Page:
And then there were two.
With 162 regular season games and three playoff rounds officially in the books, we are now set for what should be a thrilling finale to the 2013 Major League Baseball season.
|Photo from: yahoo.com|
Success for the Cardinals came from playing well in all facets of the game. Hitting was the mainstay in St. Louis this season, as the club had a .269 AVG (2nd-NL) and a .332 OBP (1st-NL). Their 745 RBI during the regular season were also the most for any National League team.
As mentioned, a balanced attack is what St. Louis baseball has been all about in 2013. Their pitching staff had a 3.42 ERA (5th-MLB), and only allowed 112 home runs (2nd-MLB). Defensively, they were solid as well, with a fielding percentage of .988 (4th-MLB).
In the NLDS, St. Louis went the distance with their long-time rivals, the Pittsburgh Pirates, but came out on top, taking the series 3 games to 2. In the NLCS, they bested Clayton Kershaw, baseball's best pitcher, in both of his outings en route to a 4-2 series victory and their 19th NL pennant.
The Red Sox are the American League representative following an impressive return to glory. In 2012, the Sox finished 69-93, their worst season since 1965. However, a simple managerial change and the Sox were a brand new beast. Boston finished an AL-best 97-65 under new skipper John Farrell.
Boston was the best hitting team in baseball this year, statistically sitting at or near the top of virtually every major offensive category. Their explosive offense combined for 819 RBI (1st-MLB), a .349 OBP (1st-MLB), and a .283 AVG (2nd-MLB).
The Red Sox won games with their bats, but their pitching was nothing to scoff at either. Their 156 home runs allowed and their opponents .248 AVG were both the 5th-lowest totals in the AL. On defense, the Red Sox had a .987 fielding percentage, good for 8th in all of baseball.
Like their NL counterparts, the Red Sox played a divisional rival in the ALDS, needing only 4 games to knock off the Tampa Bay Rays. They found themselves in what looked to be a tougher matchup in the ALCS, against the Detroit Tigers. Two timely grand slams in the latter innings of games 2 and 6 were catalysts to the Red Sox winning the series, 4-2. The AL pennant was Boston's third in the last decade, and their 13th overall.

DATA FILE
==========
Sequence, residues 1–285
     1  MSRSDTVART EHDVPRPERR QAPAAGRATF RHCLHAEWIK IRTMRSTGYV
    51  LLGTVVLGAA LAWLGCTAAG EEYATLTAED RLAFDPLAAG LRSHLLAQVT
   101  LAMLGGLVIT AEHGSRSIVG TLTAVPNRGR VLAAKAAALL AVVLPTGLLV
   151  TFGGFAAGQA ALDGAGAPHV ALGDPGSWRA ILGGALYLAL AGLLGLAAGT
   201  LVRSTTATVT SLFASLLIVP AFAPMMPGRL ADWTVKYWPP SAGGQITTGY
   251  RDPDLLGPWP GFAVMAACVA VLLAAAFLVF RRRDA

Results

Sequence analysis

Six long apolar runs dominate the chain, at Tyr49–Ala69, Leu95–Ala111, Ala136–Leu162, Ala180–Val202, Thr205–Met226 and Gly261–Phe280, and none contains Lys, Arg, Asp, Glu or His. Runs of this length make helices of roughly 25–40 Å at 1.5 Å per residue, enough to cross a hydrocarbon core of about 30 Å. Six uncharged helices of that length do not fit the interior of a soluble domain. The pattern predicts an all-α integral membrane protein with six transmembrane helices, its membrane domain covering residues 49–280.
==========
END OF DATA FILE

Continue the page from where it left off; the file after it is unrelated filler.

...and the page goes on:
This marks the 4th time the two franchises have met in the World Series, and the second since 2004. The first two Fall Classics (1946 and 1967) between the clubs were both won by St. Louis in 7 games. In '04, the Red Sox broke "The Curse of the Bambino," as they swept the Cards for their first World Series title since 1918.
As detailed above, these two clubs are both very deserving of participating in the Fall Classic this year. There may not be the classic underdog story that we all love to see, but what we do have are baseball's two best teams playing on baseball's biggest stage.
It's no easy task to predict the winner of what should be a great series. These teams are basically even in most aspects, at least on paper. Neither club has been idle much longer than the other, neither has any real glaring weaknesses, and both have veteran rosters with playoff experience. Since there is no clear favorite, I'll take the easy way out; Red Sox win in 7 games, primarily because Game 7 will be played at Fenway.
Whatever happens, this is must-see baseball. Two historic franchises in a familiar World Series matchup. Fans couldn't have asked for a better way to end the season.